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The beloved Bob Barker from “The Price Is Right” inspires others with his concern for the climate during his retirement.

Funnyman Kevin Hart gives some of his hard-earned cash to those in need when a struggling school district faced additional hardship.

Crown Jewels Double Feature


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Senioritis Step One: Accepting Reality By: Dominique Bailey Arts & Entertainment Editor Mace & Crown It’s difficult to look in the mirror and realize you just spent four years of your life drinking cheap vodka and perfecting the art of procrastination, but don’t worry. Take comfort in knowing 75 percent of your graduating class has done the same. So, what do you do? You take a deep breath and prepare yourself for reality. Reality is not friendly nor is she welcoming, but she is unavoidable. Preparing for graduation means befriending her and hoping that she takes pity and allows you cross the Ted stage without a limp. Reality bites hard when graduation starts approaching. Even if you aren’t ready, she reminds you that life is changing so it’s time to adapt or be left behind. Life is no longer about the Edge’s drink specials, football games and concerts. It’s about hunting - job hunting, apartment hunting and car hunting. Missing class is no longer an option because the longer you delay gradation the more likely Sallie Mae is to cut you off. Moving back in with your parents is no longer a dream, it is a reality. All those unpaid parking tickets? They now have to be paid and you can thank reality for the reminder. Reality is harsh and unforgiving, but I’ve learned to face her head on. Befriending her is the only way you and I are going to get through the next 187 days (or, if you’re lucky, 41 days). If you can accept reality, all the other perils of the impending adulthood will begin to seem less intimidating.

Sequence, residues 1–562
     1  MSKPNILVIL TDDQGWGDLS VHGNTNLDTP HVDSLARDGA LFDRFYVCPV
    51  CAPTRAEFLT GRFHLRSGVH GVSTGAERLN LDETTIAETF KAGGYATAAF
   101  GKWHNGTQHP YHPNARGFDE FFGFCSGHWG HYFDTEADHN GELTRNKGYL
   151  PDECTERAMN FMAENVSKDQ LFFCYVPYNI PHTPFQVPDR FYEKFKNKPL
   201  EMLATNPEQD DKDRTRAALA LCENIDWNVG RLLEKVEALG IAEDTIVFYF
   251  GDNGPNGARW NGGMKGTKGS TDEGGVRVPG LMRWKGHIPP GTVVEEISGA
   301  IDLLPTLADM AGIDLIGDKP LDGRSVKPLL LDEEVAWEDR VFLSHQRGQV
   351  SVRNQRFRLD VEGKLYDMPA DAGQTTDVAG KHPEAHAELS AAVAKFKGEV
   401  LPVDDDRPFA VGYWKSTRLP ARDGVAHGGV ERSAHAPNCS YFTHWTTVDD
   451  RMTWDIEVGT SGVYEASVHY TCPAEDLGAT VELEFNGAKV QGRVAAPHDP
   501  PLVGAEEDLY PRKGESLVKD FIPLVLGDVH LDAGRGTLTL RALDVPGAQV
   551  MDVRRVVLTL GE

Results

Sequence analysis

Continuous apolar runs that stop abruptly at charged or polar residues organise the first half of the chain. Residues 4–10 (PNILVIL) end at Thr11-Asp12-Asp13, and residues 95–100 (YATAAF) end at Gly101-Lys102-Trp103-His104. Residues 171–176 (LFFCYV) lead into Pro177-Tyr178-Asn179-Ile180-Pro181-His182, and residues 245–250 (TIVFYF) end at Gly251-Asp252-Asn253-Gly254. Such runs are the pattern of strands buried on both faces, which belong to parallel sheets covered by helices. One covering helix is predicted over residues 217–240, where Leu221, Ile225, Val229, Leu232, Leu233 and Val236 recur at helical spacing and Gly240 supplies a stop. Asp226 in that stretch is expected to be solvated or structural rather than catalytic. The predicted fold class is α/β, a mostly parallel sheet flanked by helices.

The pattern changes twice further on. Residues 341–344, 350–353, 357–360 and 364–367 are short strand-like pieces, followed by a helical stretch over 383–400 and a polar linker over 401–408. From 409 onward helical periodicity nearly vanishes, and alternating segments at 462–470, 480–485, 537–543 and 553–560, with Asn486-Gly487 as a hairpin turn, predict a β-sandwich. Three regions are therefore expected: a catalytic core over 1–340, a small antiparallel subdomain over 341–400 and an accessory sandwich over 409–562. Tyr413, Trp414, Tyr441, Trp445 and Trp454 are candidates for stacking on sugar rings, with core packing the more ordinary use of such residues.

The Benchwarmers: That Unforgettable Night By: Eric Guy Staff Writer Mace & Crown

We are forever enamored with moments that take our breath away. Whether it’s getting on that one roller coaster you were always afraid to ride, being in the company of the one you love or hearing that one song while driving on that nearperfect night that you’ll never forget, we constantly experience beautiful moments, regardless of whether we realize them or not, that will forever and always be engraved

on our hearts. Certainly, the same can be said about sports. Call to mind the 2013 ALCS between the Boston Red Sox and the Detroit Tigers. Now, unless you’re a Sox fan, you probably thought the Tigers would pull out the series in, say, four or five games after having witnessed their impressive victory in Game 1. Honestly, throughout the majority of Game 2, the Tigers looked as if they were primed and ready to pop open some champagne.